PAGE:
Pay Issues

Once a servicemember becomes a retiree, the Defense Finance and Accounting Service (DFAS) provides military retired pay services to retirees. Retirees can access monthly pay statements on the DFAS-managed MyPay website.

Disability compensation programs are provided to servicemembers who were wounded, injured, or became ill as result of their military service. Both DoD and the VA have disability compensation programs in which payments in some cases are made from both departments but in other cases are not.

DoD’s programs include disability severance pay and disability retired pay. The VA’s programs include disability compensation and disability pension.

Payments under these programs depend upon the level of the veteran’s disability, whether he or she was evaluated as “unfitting” during the Physical Evaluation Board (PEB) process, years of service, base pay, and other variables.

Disabled servicemembers medically retired by a PEB generally will be eligible to receive VA disability compensation.

When a servicemember is medically retired following a PEB, the servicemember’s active duty pay stops when released from service. The veteran’s retired pay starts one month later because retired pay is paid in arrears (after the fact).

VA’s disability compensation is similar. The VA will establish an effective date for compensation (the date the VA determines the veteran was disabled and eligible to receive compensation from the VA). This date usually coincides with the servicemember’s last day on active duty for a disability retirement. However, servicemembers will not receive VA compensation for the first month because VA compensation also is paid in arrears.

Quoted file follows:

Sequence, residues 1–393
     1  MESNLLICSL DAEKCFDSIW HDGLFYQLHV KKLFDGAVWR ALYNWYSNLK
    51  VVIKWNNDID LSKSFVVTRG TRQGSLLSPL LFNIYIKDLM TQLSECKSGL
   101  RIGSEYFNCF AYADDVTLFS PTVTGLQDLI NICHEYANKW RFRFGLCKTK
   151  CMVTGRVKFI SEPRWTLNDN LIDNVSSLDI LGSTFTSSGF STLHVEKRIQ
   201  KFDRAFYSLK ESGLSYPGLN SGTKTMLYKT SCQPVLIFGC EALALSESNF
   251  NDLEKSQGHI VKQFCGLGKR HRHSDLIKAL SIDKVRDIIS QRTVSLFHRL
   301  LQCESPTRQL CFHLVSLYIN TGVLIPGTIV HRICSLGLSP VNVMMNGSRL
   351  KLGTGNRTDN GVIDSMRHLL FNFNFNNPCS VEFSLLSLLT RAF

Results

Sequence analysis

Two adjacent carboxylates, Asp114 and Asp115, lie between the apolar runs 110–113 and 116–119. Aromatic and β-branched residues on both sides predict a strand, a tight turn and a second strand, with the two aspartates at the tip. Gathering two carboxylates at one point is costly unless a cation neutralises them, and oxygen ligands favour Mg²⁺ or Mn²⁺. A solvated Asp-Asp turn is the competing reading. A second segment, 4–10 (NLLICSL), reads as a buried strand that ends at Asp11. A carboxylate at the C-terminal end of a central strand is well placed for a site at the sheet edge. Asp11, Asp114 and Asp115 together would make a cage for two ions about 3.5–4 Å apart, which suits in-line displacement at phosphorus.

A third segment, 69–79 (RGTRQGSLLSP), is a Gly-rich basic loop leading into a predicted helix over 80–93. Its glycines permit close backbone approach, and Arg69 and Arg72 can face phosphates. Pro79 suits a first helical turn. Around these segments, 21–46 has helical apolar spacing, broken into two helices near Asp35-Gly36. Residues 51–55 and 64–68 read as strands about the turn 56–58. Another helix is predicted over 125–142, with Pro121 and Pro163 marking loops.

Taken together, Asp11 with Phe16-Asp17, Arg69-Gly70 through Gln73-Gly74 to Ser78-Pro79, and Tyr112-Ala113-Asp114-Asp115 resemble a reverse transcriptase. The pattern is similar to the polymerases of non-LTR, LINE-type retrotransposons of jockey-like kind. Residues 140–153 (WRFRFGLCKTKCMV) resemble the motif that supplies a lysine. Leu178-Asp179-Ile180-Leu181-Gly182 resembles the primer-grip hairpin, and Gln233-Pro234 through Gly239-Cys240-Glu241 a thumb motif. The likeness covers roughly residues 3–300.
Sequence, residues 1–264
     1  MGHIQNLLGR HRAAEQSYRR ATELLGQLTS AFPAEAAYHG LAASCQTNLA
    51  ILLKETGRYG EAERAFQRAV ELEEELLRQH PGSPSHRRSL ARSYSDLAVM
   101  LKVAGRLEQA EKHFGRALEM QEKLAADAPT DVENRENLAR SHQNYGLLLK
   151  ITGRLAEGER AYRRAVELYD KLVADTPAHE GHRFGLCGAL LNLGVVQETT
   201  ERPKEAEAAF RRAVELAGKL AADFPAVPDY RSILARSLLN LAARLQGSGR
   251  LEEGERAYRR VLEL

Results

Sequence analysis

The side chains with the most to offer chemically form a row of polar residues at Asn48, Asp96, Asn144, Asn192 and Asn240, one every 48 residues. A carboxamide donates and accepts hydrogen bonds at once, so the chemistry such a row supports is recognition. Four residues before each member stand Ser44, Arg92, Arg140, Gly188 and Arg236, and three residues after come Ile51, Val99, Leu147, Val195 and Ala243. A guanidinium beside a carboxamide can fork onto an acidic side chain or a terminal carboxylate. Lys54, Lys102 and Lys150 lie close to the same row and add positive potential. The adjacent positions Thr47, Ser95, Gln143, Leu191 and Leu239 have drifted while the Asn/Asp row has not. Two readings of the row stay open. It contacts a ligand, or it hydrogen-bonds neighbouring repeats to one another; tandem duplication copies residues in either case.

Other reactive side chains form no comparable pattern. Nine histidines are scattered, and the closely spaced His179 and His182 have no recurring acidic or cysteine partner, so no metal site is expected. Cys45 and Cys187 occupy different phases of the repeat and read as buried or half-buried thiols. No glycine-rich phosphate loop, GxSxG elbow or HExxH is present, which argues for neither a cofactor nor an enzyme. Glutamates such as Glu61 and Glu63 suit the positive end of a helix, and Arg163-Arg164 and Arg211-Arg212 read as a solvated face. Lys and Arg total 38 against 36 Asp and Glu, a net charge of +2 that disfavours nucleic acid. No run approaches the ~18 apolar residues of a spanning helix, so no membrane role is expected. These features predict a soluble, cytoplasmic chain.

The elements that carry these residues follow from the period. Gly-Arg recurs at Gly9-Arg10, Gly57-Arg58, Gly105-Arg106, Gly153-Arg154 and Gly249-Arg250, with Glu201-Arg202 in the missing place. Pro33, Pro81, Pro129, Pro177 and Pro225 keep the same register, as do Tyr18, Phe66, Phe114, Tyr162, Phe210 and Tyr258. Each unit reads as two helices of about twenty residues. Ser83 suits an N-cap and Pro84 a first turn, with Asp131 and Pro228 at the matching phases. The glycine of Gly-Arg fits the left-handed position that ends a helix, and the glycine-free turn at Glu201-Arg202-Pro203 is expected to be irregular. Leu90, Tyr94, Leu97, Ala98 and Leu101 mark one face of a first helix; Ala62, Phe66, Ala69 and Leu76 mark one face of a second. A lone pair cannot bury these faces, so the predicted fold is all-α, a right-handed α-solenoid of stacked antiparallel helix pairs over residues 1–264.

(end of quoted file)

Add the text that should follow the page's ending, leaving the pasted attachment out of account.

While waiting for disability compensation or retired pay to start, service relief societies or nonprofits might be able to assist in short term loans or grants.

To understand concurrent receipt, it is necessary to provide some history behind it.

Prior to 2003, if a servicemember had earned both retired pay from the service and VA compensation for a disability or illness, the VA compensation was subtracted from the servicemember’s retired pay. This was because of a law that stated the servicemember could not receive pay from two government agencies for the same service.

The VA compensation was subtracted from the service retired pay in the form of what is called a VA waiver since the servicemember agreed to waive retired pay to receive the VA compensation. If your servicemember has a VA waiver, it can be found on the retired pay stub (or commonly referred as the Retiree Account Statement by DFAS).

Many retirees now receive both earned retired pay and VA compensation for service-connected disabilities. The process to restore pay is not complete, but Congress has made significant progress since 2003 to eliminate the withholding of service retired pay that had been earned through years of military service because of a disability or illness that was caused by the duty performed.

Currently, there are two distinct programs under concurrent receipt (pay received both from DoD and VA for the same disability): Concurrent Retirement and Disability Pay (CRDP) and Combat-Related Special Compensation (CRSC).

CRDP was established in January 2004 and eliminates the offset of retired pay for VA disability compensation (also known as the VA waiver) for those with 50-percent to 100-percent disabilities, regardless of the nature of the disabilities (combat vs. non-combat). January 2014 marked the completion of the 10-year period that phased out the offset. Currently all 20-year-plus retirees with VA disability ratings of 50 percent or higher receive all of their military retired pay and all of their VA disability compensation.

Retirees with fewer than 20 years are not eligible for CRDP (Temporary Early Retirement Authority, or TERA, retirees are the only exception). CRDP can be retroactive to Jan. 1, 2004, if applicable.